HCD, yay or nay?

When I got my first job as a design professional (frankly, I think anyone can design in their own way without having a design job), I was often told we need to apply HCD into things we do.

Recently, I hosted a few ethical workshops in response to the recent crisis our nation is facing, I began to see that NOT all HCD is good design. In fact, certain HCD is the reason why we’re constantly making the wrong choices in life. An example I learned from one of the workshops is Juul, a very well-design product with the intention of making smoking easier… which I don’t think I need to explain myself further here, we all know smoking is not a good and healthy behavior we should adapt.

What other HCD is bad? Another example came to my mind is Robinhood. Working in financial services, I often hear senior leaders complaining why our products aren’t as frictionless as Robinhood. Well, if you’re following the recent news, a 20-year-old college student took his life after he thought he made a big loss on Robinhood. Many young and novice traders use Robinhood to trade without understanding the implications and consequences fully. For a product that is super easy to use, extremely HCD, is it necessary good for us?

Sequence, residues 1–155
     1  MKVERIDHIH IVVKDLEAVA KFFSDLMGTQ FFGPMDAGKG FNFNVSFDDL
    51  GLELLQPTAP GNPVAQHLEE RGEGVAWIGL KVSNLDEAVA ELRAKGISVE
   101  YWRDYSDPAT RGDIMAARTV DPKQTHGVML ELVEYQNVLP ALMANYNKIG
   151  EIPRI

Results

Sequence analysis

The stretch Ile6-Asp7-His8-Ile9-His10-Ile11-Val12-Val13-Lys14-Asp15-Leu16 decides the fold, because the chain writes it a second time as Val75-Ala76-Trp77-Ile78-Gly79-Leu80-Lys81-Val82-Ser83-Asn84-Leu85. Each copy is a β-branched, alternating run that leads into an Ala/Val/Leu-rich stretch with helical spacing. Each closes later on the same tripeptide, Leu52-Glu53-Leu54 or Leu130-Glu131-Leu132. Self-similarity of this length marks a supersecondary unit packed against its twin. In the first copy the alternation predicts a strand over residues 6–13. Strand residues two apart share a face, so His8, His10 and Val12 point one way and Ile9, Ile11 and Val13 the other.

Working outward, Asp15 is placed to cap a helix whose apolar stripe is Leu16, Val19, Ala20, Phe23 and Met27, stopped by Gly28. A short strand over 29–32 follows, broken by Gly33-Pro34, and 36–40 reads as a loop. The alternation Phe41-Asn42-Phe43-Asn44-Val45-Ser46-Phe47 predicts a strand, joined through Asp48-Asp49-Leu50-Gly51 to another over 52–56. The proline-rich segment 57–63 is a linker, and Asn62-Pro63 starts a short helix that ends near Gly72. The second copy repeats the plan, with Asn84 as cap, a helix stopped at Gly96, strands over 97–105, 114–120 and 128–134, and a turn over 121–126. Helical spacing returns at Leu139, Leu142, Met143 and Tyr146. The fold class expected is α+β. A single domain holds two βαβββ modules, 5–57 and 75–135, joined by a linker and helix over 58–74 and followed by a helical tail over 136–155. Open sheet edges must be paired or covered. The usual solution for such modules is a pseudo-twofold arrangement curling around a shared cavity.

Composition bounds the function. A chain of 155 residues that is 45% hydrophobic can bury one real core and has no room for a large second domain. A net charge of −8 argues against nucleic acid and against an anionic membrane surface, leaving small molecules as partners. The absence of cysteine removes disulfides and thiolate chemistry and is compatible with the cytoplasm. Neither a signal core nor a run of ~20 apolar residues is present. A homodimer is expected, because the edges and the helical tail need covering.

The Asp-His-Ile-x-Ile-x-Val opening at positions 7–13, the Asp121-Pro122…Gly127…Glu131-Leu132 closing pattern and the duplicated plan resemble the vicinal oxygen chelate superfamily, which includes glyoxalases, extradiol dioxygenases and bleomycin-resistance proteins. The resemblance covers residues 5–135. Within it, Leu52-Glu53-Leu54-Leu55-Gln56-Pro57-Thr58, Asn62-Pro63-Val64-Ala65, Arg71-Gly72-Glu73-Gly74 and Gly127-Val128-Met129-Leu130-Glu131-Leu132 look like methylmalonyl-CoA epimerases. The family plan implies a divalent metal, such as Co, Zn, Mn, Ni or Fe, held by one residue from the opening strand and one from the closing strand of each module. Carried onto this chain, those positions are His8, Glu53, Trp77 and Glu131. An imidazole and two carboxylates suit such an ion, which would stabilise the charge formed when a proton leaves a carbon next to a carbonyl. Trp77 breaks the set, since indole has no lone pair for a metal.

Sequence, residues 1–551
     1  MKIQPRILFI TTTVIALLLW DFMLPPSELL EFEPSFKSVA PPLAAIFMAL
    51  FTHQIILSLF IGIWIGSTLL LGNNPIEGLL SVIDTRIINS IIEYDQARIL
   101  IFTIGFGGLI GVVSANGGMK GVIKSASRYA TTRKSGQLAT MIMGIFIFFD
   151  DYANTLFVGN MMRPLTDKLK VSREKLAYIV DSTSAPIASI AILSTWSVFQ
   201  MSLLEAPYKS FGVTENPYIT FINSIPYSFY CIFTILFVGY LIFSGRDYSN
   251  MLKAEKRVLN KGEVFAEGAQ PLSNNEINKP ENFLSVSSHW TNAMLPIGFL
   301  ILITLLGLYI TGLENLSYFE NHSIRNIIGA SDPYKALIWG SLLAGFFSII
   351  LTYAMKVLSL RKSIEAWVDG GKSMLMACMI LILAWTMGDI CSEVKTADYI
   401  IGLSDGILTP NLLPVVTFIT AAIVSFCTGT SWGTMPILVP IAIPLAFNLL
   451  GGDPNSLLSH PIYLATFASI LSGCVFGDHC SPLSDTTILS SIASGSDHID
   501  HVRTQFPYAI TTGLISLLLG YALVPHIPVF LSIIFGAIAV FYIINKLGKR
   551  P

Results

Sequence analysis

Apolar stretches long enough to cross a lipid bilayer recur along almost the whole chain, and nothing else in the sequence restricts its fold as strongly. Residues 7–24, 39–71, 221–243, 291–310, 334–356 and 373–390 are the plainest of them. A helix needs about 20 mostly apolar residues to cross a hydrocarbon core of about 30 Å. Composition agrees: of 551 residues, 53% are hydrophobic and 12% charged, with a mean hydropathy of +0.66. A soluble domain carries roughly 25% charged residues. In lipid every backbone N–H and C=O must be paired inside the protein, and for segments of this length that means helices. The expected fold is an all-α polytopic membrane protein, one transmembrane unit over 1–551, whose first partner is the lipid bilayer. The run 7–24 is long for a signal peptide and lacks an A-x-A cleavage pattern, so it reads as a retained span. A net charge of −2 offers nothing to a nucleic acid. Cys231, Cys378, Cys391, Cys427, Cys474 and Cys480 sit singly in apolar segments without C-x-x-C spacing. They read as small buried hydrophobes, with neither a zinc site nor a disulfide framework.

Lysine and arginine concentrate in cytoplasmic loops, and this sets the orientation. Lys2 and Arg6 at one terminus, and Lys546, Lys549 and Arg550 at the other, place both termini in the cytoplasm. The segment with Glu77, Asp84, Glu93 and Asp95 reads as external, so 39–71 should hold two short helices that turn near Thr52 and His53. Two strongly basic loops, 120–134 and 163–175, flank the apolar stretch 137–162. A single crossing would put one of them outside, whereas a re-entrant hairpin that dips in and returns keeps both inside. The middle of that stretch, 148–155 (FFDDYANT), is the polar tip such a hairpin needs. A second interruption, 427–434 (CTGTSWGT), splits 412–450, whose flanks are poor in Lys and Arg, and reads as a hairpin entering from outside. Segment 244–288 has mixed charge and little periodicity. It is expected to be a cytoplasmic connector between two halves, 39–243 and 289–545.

Lastly, we know how applying jobs is a job itself. No one enjoys the lengthy and painful job application process, especially during a time like this. Linkedin has had the feature of Easy Apply for quite sometime. From a job applicant’s perspective, it’s a great feature because all we have to do it’s one click once our profile is set up. But what about the application reviewers? Now, instead of getting quality candidates, they get flooded by applicants hitting the Easy Apply button. Yay or nay?

We need to apply HCD in the right place! Good intention doesn’t always end in good results.

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